@DavePhD already gave a good description of how to prepare the solutions.
Here are possible good reasons why the teacher doesn't like your original proposed method:
does not work in practice (unless you mean: prepare a bit more, and then pipette 5 equal amounts). But if you pipette, there is no reason not to pipette the amounts of stock solution that directly lead to the neeeded volume for the dilutions.
is no volumetric glassware, and in addition not the preferred glassware for mixing (though mixing with magnet stirrer is OK). Volumetric flasks are much better: you can close them and then thorough mixing is possible. If you don't have volumentric flasks, Erlenmeyers are better than beakers.
would it be easier to dilute them by half each time
That would lead to an exponential series of dilutions, like 1 mol/l, 0.1 mol/l, 0.01 mol/l etc. instead of the equispaced concentration series you describe. Also, serial dilution means that concentration errors build up: each dilution step adds error.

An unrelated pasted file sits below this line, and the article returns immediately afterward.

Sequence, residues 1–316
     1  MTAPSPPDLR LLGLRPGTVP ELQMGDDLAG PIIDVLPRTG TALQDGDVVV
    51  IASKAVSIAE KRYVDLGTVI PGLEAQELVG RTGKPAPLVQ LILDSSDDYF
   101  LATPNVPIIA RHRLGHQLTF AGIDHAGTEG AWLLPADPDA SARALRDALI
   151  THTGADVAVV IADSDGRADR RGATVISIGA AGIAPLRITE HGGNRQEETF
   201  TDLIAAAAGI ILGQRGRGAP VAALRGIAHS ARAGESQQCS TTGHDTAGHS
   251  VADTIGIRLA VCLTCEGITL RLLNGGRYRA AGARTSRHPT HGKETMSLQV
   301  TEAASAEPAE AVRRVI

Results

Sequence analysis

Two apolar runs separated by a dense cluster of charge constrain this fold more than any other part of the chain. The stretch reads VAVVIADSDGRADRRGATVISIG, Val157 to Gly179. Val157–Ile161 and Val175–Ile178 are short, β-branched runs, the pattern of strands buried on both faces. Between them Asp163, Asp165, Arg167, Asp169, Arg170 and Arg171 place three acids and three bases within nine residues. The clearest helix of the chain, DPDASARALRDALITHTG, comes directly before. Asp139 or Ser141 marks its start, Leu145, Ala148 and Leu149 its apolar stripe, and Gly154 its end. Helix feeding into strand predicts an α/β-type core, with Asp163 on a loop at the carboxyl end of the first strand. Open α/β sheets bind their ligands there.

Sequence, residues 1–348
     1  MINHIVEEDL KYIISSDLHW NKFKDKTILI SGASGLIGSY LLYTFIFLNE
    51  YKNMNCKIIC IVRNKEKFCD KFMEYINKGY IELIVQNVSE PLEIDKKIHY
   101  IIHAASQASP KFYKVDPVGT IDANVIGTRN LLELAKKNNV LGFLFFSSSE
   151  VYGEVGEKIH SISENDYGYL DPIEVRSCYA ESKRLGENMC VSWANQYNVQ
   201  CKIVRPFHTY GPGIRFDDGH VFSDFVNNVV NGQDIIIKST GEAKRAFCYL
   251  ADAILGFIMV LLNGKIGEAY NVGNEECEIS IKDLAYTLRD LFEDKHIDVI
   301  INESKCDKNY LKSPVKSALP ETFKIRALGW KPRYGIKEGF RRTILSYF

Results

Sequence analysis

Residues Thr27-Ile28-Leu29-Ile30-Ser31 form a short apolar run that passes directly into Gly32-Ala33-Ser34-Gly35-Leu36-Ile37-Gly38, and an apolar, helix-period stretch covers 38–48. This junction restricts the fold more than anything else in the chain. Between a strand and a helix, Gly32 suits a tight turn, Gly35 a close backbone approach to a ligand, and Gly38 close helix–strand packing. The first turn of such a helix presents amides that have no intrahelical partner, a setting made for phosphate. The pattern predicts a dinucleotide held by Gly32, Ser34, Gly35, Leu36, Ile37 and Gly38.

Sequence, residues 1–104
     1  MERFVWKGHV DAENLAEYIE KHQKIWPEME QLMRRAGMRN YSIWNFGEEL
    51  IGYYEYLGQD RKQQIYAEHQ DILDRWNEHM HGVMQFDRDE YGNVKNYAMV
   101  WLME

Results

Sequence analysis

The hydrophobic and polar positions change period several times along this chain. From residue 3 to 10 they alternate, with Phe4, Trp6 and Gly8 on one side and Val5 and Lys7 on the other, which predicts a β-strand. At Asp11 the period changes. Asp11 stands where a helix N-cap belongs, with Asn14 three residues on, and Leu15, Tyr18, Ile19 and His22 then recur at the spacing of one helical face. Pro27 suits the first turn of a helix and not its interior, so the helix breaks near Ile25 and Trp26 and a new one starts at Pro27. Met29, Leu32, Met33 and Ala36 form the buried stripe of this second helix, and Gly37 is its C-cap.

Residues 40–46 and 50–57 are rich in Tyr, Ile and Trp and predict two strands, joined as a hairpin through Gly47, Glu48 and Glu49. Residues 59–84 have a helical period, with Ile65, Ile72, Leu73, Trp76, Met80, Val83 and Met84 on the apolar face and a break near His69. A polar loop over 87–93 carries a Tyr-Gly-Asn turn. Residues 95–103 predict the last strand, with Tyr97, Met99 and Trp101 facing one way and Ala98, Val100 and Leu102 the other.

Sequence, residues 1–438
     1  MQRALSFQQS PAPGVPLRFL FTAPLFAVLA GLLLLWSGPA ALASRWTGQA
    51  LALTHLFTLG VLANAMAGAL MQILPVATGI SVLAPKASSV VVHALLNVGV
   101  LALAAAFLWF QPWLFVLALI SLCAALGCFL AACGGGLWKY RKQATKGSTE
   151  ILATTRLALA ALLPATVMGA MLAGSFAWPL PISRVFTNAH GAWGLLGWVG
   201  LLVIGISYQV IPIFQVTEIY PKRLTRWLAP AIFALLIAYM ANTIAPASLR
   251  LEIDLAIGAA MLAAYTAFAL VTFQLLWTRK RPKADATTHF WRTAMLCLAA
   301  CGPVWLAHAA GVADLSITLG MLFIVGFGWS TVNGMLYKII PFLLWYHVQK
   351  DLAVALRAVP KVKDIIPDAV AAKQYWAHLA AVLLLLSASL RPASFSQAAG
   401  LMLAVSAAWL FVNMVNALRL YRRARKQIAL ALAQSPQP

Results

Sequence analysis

Ultimately I will need 200ml of each solution
With volumetric flasks, you can directly prepare 250 ml of each solution. Your proposed method would lead to varying volumes. It is unlikely that the proper volumes are available as volumetric flask.
Calculating the needed volumnes for the volumetric flask + pipetting stock solution or the graduated cylinder version is easy. A plausibility check of this can probably be done on the fly in the lab without calculator.
Calculating the needed additional volume for your method is somewhat more elaborate. This is of course a bad reason if it is only about laziness. But it is a good reason if it is about doing plausibility checks while doing lab work.
Last possible reason: working with volumetric flasks thorough mixing is easier and the volume is anyways more precise than with a graduated cylinder. (Far more precise if you are still learning the practical skills of lab work: with the graduated cylinder you neet to get both volumes right at the first attempt.
With a pipette getting the volume right is much easier. So only the flask volume needs to be right at the first attempt - and the flask has a neck that helps with precise volumina.)